Critics slam health and safety reform bill

As parliament debates proposals to reform New Zealand’s health and safety laws, critics argue that the proposed changes are too weak to be effective.

Critics slam health and safety reform bill
Reform of health and safety law is currently being considered by New Zealand’s parliament but will the changes go far enough? Will they prevent another tragedy like the Pike River Coal Mine disaster in 2010?

Critics of the Health and Safety Reform Bill say it will not be effective having being diluted too much and some will be in parliament today (Tuesday 18th August) to hear its final reading.

Bernie Monk’s son Michael was one of the 29 that died in the Pike River incident and the grieving father wants to try to avoid anyone going through the suffering that he and his family have following Michael’s death.

As a spokesperson for the families of those who died, he says that there is a lot of hostility towards the “watering down” of the proposed legislation. "That's how strongly we feel about it," he told Business Day, "I know of two times where John Key promised us that there were going to be changes, and all of a sudden they've watered them down, and we're really deeply upset about that."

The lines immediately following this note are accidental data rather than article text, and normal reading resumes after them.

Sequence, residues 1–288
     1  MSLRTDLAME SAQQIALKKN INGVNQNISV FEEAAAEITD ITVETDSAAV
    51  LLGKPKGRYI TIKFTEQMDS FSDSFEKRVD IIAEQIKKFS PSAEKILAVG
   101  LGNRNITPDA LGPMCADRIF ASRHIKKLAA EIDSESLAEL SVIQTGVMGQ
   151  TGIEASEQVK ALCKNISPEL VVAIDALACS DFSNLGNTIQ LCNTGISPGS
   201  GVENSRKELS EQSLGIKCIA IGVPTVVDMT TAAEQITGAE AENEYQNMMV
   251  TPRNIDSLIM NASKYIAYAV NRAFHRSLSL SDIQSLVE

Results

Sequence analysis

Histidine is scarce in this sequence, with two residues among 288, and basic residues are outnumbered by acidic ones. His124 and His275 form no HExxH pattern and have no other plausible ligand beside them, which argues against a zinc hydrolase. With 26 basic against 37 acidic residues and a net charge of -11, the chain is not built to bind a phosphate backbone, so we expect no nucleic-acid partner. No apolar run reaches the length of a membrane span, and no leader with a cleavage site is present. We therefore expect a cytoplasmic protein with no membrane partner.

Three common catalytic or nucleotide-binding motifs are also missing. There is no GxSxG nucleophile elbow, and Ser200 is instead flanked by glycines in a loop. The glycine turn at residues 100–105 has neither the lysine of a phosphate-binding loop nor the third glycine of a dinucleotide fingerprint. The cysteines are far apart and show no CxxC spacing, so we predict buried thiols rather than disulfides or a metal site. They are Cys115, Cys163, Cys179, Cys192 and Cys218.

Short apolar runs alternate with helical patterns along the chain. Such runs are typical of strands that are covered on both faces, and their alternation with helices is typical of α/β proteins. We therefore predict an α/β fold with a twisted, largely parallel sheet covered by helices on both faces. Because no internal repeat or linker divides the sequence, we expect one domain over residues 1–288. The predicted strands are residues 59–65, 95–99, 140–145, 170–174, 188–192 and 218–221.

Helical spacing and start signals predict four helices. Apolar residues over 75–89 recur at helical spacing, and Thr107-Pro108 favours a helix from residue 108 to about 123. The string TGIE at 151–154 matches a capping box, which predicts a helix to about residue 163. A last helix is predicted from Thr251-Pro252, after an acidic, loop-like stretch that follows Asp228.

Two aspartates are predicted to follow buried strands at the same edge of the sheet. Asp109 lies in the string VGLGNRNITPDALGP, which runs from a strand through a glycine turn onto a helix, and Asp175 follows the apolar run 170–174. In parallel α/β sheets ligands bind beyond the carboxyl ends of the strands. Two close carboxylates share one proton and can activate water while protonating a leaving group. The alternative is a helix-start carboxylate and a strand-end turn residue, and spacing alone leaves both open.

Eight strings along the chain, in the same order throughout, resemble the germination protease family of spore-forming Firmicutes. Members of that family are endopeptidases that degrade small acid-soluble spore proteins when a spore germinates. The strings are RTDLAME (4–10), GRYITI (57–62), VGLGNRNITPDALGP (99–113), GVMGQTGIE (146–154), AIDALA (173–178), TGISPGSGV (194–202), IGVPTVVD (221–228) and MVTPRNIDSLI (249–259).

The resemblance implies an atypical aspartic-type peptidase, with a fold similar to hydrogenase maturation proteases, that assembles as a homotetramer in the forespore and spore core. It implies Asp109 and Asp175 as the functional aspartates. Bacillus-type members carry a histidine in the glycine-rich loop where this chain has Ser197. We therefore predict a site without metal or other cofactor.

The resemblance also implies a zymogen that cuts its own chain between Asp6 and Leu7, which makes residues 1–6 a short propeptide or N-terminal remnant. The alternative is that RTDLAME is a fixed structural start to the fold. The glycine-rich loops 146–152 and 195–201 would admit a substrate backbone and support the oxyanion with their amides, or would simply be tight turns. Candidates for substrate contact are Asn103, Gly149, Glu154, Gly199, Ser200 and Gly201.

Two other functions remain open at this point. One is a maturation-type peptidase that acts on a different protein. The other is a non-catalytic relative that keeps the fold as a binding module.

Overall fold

Monk says that although in many ways the government used the tragedy as the basis for the reform bill, it has gone back on many of the recommendations that followed the incident. That is despite almost three hundred deaths in workplaces having occurred since 2010.

His main concern is that employers with fewer than 20 employees will not be required to comply with worker participation obligations in the bill. However there are some tough measures being proposed including harsher penalties for workplace accidents.

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